Three Ways to Weather the 2020 Tax Season
Over half of U.S. adults say financial stress negatively
impacted their personal health and work performance in 2018,
according to new research from Lincoln Financial Group. When
it comes to tax season, preparation is key to easing
anxiety, according to experts.
“Tax season can be stressful for many people, but it’s also
an opportunity to strengthen your financial plan,” says
Michael Corr, chief estate and business planning strategist,
Lincoln Financial Advisors, National Planning Team. “The
good news is that there are some simple ways to manage the
To weather the 2020 tax season, Corr offers these tips:
Get the 411
Whether preparing your own tax return or paying a
professional, good organization saves time and money. In
addition to collecting the common tax documents (e.g., W-2s,
1099s and mortgage interest statements), you should gather
receipts, evidence of contributions to charities and 529
plans, and basic information on assets sold during 2019.
Also consider milestones that impact taxes, such as
marriage, divorce, birth of a child, adoption and sale of a
home. Organizing this information is the first step toward
ensuring timely filing.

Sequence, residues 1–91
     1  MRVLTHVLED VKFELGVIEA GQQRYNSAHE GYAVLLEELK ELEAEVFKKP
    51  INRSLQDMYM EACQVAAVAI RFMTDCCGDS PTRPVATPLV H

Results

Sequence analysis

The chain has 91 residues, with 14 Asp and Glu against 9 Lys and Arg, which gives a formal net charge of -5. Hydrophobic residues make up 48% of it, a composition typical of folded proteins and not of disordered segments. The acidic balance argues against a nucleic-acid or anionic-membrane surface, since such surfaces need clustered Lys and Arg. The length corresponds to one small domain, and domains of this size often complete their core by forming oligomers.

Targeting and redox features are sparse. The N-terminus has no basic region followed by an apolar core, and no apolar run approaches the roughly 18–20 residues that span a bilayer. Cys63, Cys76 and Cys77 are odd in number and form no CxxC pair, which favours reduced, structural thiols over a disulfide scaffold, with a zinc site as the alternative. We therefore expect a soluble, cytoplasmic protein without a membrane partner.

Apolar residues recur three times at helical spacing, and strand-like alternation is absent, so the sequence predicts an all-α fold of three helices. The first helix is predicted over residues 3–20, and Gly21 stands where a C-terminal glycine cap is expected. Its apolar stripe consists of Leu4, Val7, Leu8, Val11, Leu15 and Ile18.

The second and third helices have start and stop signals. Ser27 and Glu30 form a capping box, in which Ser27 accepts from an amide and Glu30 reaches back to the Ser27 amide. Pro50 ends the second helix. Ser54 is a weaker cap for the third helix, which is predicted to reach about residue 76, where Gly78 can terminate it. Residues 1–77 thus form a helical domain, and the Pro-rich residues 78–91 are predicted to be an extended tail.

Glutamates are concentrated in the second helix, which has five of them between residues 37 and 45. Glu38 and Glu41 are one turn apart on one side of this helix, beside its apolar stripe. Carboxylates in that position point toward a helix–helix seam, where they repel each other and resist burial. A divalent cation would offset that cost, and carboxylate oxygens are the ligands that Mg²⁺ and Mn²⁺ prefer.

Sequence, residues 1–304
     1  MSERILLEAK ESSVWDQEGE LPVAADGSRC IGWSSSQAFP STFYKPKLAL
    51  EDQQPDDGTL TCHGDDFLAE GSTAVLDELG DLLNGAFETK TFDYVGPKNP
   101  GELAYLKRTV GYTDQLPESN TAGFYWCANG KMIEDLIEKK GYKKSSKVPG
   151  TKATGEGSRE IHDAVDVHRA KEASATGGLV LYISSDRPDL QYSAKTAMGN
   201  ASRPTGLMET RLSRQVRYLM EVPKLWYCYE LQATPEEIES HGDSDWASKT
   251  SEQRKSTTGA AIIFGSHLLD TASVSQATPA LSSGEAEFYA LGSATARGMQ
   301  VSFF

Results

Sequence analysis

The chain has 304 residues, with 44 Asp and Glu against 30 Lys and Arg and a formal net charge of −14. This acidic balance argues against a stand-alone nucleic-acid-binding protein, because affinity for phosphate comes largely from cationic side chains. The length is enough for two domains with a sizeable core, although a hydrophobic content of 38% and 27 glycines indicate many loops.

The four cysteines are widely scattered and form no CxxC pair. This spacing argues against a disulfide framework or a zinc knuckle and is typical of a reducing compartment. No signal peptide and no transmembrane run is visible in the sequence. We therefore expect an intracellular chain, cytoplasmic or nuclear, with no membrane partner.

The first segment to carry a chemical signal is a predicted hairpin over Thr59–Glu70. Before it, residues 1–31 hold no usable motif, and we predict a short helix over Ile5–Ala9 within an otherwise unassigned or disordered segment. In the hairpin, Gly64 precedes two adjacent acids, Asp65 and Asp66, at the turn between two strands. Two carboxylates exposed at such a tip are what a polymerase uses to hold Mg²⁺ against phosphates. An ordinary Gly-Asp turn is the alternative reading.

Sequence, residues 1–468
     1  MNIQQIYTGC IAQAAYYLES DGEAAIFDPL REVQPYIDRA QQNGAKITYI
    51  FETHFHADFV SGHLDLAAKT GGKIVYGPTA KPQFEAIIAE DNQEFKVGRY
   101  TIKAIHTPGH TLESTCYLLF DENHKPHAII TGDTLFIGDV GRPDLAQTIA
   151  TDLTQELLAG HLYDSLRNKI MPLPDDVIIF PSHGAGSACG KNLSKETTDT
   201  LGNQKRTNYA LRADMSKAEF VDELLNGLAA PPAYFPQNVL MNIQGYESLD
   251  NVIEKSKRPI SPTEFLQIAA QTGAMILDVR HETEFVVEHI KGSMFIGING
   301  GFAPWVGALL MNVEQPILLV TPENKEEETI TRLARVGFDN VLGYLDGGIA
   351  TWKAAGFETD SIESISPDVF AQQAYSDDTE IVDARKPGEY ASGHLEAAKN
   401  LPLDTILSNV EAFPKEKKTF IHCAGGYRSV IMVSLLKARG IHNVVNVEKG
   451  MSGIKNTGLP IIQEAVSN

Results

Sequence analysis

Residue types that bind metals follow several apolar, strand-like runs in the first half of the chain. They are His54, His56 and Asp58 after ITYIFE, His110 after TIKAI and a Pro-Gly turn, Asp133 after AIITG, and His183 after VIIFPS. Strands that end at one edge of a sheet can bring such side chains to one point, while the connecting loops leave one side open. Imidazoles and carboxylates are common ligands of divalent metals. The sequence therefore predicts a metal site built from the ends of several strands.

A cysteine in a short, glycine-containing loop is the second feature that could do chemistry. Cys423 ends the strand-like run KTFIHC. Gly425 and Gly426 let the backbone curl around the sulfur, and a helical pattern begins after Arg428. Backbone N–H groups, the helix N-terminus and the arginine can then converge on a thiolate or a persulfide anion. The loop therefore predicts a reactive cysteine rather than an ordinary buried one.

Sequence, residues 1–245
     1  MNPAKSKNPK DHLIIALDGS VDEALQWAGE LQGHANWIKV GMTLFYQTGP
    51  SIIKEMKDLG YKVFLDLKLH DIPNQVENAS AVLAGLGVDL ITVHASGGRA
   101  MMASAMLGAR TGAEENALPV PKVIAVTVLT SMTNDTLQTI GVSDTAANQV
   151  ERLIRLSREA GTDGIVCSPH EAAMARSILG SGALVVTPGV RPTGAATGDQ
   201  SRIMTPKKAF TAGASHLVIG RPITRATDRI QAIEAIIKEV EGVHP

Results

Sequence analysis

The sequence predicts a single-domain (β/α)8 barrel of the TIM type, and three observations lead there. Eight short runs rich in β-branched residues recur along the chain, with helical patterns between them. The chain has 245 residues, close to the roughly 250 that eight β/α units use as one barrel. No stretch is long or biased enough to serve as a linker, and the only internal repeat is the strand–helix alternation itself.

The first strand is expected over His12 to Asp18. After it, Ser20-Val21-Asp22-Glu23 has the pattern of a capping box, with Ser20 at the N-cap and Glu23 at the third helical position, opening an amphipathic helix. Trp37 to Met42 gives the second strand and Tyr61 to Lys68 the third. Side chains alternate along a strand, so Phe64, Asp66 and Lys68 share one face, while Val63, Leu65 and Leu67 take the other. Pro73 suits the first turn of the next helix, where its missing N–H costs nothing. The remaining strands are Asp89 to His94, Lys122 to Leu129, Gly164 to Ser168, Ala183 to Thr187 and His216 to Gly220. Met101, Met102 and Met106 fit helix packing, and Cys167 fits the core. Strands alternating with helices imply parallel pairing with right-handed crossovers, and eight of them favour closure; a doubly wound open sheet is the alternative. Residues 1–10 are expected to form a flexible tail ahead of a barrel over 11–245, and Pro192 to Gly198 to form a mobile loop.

The Tax Cuts and Jobs Act significantly increased the
standard deduction for federal tax purposes. For the 2019
tax year, the standard deduction is $12,200 for individuals
and $24,400 for married couples filing jointly. This higher
deduction amount means many taxpayers won’t itemize
deductions, thereby simplifying tax return preparation.
Consider what actions you can take prior to the end of tax
season to lessen its financial burden.
For example, if you qualify and act prior to April 15, you
may deduct contributions to an IRA up to $6,000 ($7,000 if
you’re over 50) on the 2019 income tax return. Maximum
Simplified Employee Pension IRA contributions of $56,000 for
2019 can be made any time prior to the tax filing deadline,
Or, if you participate in a high deductible health plan, you
may be eligible to contribute to a health savings account
with pre-tax dollars through April 15. For the 2019 tax
year, the contribution limit is $3,500 if you’re single and
$7,000 for families, with an additional $1,000 catch-up
contribution for those 55 or older.
Embrace these technological advances to reduce tax
preparation and filing burdens:
• Whether self-preparing or hiring a professional, tax
information from documents filed with the IRS (W-2s, 1099s.
etc.) can be downloaded directly into tax-prep software, so
be sure to access electronic versions of these documents.
• Online banking makes it easy to manipulate account
information and organize data about relevant expenses paid
during the year, like estimated tax payments, medical and
tuition payments and business expenses.
• The IRS has offered the opportunity for electronic filing
of tax returns for several years. Taxpayers who e-file
typically receive acknowledgement that their returns have
been filed and get their refunds faster than those who paper
More information about financial planning and taxes can be
found by visiting lfg.com.
From market volatility to managing debt, there are many
causes of financial stress today. However, with some prudent
strategies, you can greatly reduce your tax-related anxiety.